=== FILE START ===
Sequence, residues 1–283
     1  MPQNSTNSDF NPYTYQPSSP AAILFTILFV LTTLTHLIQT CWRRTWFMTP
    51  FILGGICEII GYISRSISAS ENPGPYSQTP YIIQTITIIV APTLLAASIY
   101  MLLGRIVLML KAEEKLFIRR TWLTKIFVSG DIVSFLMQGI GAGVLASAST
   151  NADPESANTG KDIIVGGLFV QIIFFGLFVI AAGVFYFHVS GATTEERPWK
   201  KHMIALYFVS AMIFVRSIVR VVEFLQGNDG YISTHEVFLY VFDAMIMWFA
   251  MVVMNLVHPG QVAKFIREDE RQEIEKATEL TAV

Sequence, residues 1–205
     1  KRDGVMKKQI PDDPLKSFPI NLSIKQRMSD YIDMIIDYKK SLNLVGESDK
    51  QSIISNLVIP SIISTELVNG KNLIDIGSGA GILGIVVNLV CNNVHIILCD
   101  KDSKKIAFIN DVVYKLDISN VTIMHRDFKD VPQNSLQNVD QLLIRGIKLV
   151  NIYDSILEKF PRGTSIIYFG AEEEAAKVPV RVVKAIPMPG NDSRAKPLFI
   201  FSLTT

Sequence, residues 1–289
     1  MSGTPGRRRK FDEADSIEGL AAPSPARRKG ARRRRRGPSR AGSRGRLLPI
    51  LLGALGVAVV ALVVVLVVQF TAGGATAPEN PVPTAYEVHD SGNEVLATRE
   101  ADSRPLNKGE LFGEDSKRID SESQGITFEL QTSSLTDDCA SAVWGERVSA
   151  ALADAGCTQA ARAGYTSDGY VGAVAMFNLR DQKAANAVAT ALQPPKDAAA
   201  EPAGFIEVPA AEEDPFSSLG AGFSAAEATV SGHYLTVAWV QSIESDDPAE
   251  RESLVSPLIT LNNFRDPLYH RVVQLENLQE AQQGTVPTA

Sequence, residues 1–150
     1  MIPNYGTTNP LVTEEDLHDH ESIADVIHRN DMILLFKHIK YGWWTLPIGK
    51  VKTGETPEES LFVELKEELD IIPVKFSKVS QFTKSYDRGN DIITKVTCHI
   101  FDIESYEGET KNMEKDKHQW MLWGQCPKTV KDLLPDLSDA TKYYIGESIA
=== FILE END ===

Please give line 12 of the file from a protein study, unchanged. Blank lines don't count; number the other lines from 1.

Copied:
   151  NIYDSILEKF PRGTSIIYFG AEEEAAKVPV RVVKAIPMPG NDSRAKPLFI